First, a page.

Monday, July 2, 2012
Battle Reportification Part 12 - Setting
The deal with setting is that it is very easy to get carried away when detailing it, when you have the opportunity to show others everything that you have done and just how awesome it is. The problem is often when you want to show them EVERYTHING and the story becomes less about what is going on and the characters and more of an opportunity to show how awesome the world you've crafted is. That's lovely and all, but there is a place for everything. Present your world in moderation, don't try and flood the readers with an overload of input so that they lose track of what is important. Make sure that you are not spending too much time on the setting alone and check to see if you have been advancing the plot and revealing more about the characters or changing the characters in those pieces that are already known.
With that small piece about moderation done (many people can probably think of one or two GM's who have done an RPG where the players where pretty much there to enjoy the ride because they were on some serious rails) we can get to why you do want to show the world your setting and dedicate some scenes specifically for that purpose. Abra-kadabra-alakazam we have magical inspiration, guidelines, interest, the usual. Its getting hard to come up with new stuff that these developing scenes actually do for you, so I'll make this bit short (like I said in some past post, this blog is supposed to add on to what you guys might want to have help with, not go over the same old that I've already done). Basically the only thing that is remotely new I have to say about setting is that this is when you have that opportunity to show off just how awesome your universe is. You can reveal just how detailed you've made those levitating towers in terms of their cultural and religious significance, the history behind them, their current use and the crowd that hangs around them that type of thing. Again, heed that warning I started the post with (not the picture about magic. Ignore that).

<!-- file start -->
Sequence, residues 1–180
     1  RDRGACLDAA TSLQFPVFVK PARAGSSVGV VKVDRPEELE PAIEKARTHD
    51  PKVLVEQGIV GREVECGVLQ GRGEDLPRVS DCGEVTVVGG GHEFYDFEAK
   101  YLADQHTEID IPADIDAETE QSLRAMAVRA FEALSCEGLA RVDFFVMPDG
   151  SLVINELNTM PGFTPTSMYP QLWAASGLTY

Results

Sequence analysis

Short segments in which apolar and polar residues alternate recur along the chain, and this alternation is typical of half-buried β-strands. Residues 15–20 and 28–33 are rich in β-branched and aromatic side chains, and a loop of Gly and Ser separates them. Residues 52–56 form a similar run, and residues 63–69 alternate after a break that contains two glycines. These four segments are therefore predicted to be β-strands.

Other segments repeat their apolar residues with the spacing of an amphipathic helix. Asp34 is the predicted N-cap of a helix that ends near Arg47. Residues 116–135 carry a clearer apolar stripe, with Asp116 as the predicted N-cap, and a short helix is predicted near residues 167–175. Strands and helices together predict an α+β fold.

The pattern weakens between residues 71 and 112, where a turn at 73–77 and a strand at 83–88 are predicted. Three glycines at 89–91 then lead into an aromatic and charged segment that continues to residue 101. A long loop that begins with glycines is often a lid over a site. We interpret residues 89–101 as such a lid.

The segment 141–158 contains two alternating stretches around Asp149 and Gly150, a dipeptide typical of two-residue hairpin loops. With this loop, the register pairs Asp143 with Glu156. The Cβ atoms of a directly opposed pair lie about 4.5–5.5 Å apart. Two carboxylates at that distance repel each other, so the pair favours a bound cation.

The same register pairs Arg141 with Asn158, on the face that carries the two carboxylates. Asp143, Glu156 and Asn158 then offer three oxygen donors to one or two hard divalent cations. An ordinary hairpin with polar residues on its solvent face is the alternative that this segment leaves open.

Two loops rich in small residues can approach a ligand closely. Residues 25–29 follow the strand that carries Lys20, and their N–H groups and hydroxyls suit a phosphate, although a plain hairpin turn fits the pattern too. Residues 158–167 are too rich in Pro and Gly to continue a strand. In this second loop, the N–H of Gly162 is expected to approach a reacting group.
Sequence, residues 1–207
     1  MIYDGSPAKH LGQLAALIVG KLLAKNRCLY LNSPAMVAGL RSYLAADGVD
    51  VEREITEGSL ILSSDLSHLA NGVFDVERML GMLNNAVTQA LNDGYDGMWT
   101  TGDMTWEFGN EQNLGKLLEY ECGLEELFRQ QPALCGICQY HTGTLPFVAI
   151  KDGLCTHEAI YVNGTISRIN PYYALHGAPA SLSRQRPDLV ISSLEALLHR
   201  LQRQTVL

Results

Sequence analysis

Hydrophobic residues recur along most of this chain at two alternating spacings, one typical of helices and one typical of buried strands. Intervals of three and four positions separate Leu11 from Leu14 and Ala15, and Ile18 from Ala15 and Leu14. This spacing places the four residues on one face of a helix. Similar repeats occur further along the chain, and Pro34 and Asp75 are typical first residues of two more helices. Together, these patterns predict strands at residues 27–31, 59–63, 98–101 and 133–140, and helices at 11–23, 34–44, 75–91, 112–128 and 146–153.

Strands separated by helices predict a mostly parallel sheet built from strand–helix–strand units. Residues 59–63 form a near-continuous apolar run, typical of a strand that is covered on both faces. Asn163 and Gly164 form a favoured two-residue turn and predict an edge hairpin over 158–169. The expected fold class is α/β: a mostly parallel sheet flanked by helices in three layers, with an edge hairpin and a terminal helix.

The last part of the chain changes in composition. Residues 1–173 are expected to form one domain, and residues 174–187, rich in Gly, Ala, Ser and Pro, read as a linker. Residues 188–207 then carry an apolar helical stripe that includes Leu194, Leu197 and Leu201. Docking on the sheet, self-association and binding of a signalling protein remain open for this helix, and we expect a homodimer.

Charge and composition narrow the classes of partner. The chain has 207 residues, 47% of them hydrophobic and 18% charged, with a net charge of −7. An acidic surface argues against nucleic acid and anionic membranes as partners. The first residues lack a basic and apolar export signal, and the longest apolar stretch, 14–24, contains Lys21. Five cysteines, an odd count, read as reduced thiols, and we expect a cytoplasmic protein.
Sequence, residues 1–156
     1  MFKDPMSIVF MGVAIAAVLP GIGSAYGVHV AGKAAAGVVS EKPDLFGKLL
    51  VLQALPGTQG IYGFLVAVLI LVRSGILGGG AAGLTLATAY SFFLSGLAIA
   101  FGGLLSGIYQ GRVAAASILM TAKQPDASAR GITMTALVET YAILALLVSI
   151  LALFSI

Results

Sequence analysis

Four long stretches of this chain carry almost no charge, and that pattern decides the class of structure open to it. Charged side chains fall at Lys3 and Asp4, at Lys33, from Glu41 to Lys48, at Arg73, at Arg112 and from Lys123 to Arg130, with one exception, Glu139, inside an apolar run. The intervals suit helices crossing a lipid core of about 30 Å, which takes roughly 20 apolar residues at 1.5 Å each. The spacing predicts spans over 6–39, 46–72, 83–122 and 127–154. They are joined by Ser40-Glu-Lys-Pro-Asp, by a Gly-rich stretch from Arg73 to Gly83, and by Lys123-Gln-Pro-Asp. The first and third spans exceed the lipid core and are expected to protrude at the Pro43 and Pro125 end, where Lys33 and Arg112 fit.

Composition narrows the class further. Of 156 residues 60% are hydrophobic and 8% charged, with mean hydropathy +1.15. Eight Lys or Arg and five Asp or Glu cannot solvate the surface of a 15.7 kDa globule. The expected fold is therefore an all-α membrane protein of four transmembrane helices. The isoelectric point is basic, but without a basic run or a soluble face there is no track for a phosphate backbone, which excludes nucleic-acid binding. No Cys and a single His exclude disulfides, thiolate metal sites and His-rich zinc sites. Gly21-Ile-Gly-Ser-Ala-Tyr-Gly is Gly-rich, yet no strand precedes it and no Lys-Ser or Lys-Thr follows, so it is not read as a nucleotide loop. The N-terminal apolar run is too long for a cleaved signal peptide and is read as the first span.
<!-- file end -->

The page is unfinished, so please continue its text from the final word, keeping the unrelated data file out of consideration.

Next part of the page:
How do you want to develop your Setting then in a scene? Again, and I cannot stress this enough, moderation. Have fun with what everything looks like and giving others a snapshot of your universe, but remember that you don't want to bore them. They can only take so much history and description. Not everyone likes pages of text full of nothing but detail (there are a few instances that are horrible. Read Master and Commander and wait for there to be 3 pages solid [LITERALLY. THREE. FREAKING. PAGES] on just the sails and the ropes that are involved with them). Imagine that it is just a snapshot. You can categorize that snapshot and decide that you are only going to describe things to a specific level of detail, and leaving further description for when you have an actual scene that involves those details. Or you could vividly paint the portrait of a small section of that city that is key to the Battle Report (keeping in mind that the setting does not always have to be the Battle Field but should be directly connected to it in some way).